Organic light-emitting diodes (OLEDs) are manufactured primarily by synthesizing five-membered ring products using cyclometalation reactions. Highly photoluminescent quantum efficient emitters are primarily prepared by utilizing the following five types of iridium compounds: 1. N-Heterocyclic carbene compounds such as phenylimidazolinate-type carbene compounds and 2-phenylpyridine N-heterocyclic carbene compounds; 2. NCN-tridentate type compounds; 3. Polycyclic compounds, such as phenanthro-imidazole and fluorenylpyrazole compounds; 4. Heterocyclic compounds, such as 2-phenylpyridines, 2-phenylpyridine fluorinated compounds, phenyl-imidazole, -pyrazole, and -triazole compounds, 2,3'-bispyridines and phosphites; and 5. High-molecular-weight cyclometalated compounds such as the dendrimers of phenyltriazoles.In particular, the presence of a high field ligand such as an N-heterocyclic carbene in these compounds facilitates high energy emission, which results in the desired blue-colored light required for OLED applications. © 2015 Elsevier B.V. Source

Omae I.,Omae Research Laboratories
Coordination Chemistry Reviews | Year: 2012

Highly thermodynamically stable carbon dioxide is now used industrially as a feedstock for the carboxylation of four types of reactive substrates. The first category comprises oxygen-containing compounds, namely epoxides and alcohols. The reactions of reactive epoxides easily proceed at high yields in the presence of various kinds of transition metal compounds, non-transition metal compounds and organic compounds. However, the reactions of alcohols proceed at high yields only in the presence of a Bu 2Sn(OMe) 2 catalyst when dehydrating agents shift the equilibrium toward products without serious damage of catalysts by water by forming ladder compounds. The second category involves nitrogen-containing compounds, where urea is the dominant industrial product. Carbon-carbon unsaturated compounds such as aryl compounds, alkynes and alkenes comprise the third category of substrates. The carboxylations of these substrates in the presence of metal compounds such as Cu, Ni and Pd generate the corresponding carboxylic acid derivatives. The five-membered compounds of the cyclometalated substrates can generate the corresponding carboxylic compounds using lithium, rhodium, nickel and palladium compounds as catalysts. The fourth substrate is hydrogen. We expect that the production of formic acid and methanol using hydrogen by utilizing natural energy generation such as geothermal energy and wind power will grow because these products will be in great demand in the near future. © 2012 Elsevier B.V. Source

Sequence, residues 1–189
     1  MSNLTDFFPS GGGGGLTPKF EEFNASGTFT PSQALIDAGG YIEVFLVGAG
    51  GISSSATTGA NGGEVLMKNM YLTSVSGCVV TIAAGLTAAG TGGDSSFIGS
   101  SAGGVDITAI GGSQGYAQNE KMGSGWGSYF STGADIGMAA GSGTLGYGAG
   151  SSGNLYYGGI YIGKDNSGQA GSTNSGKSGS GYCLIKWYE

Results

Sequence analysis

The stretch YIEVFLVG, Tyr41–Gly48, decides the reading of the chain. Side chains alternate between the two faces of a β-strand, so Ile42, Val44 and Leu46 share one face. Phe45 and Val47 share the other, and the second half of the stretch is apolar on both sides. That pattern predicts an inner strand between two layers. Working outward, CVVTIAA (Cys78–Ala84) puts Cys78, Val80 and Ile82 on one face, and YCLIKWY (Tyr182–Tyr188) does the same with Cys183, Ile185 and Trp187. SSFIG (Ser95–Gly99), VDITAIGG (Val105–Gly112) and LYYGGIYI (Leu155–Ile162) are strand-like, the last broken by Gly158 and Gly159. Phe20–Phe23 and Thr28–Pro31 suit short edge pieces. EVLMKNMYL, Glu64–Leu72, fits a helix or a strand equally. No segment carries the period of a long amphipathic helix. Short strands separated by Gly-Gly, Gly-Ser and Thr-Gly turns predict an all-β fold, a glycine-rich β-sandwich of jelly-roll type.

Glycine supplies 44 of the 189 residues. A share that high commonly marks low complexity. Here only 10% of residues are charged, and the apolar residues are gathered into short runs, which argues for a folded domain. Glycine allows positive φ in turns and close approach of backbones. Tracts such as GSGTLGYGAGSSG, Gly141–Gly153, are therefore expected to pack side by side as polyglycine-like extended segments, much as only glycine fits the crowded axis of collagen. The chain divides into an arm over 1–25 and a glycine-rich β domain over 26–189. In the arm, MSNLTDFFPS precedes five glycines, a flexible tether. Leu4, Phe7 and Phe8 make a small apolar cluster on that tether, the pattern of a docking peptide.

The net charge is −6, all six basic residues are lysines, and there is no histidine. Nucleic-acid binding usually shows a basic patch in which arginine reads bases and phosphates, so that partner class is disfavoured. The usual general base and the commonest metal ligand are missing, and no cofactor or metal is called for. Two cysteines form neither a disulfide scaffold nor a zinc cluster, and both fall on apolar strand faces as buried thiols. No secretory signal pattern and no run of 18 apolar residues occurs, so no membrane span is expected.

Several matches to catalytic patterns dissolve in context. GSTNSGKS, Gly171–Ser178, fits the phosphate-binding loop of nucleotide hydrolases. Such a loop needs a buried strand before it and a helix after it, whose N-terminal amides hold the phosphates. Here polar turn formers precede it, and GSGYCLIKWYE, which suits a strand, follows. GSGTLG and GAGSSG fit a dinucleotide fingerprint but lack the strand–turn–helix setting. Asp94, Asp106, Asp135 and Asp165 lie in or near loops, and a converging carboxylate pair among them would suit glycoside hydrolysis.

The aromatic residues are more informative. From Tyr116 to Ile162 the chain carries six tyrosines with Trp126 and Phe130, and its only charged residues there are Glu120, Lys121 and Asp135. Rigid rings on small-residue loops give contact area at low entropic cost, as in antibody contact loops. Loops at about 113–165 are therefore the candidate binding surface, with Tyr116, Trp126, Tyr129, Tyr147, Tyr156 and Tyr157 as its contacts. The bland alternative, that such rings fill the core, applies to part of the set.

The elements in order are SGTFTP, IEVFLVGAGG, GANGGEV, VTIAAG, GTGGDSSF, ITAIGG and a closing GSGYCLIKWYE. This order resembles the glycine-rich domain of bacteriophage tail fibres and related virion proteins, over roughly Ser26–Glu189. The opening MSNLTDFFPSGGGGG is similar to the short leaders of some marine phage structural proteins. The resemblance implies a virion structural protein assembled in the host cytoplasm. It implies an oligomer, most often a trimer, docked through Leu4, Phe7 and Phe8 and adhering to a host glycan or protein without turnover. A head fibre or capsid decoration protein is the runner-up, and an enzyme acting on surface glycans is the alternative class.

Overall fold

Omae I.,Omae Research Laboratories
Applied Organometallic Chemistry | Year: 2010

Carbonyl group-containing organometallic intramolecular-coordination five-membered ringcompounds are easily synthesized by the following five reaction methods: (1) cyclometalation, especially, orthometalation reactions; (2) the reactions of the moieties of an unsaturated carbon-carbon bond attached to a carbonyl group (C≡C-CO, C=C-CO); (3) the reactions of an unsaturated carbon-carbon bond with carbon monoxide (C≡C and CO, C=C and CO); (4) carbonylative ring expansion reactions; and (5) others. These compounds are very easily and regio-specifically synthesized with many kinds of metal compounds, including both transition metals and main group metals. Many of such the reactions are easily applied to organic syntheses. Copyright ©2010 John Wiley & Sons, Ltd. Source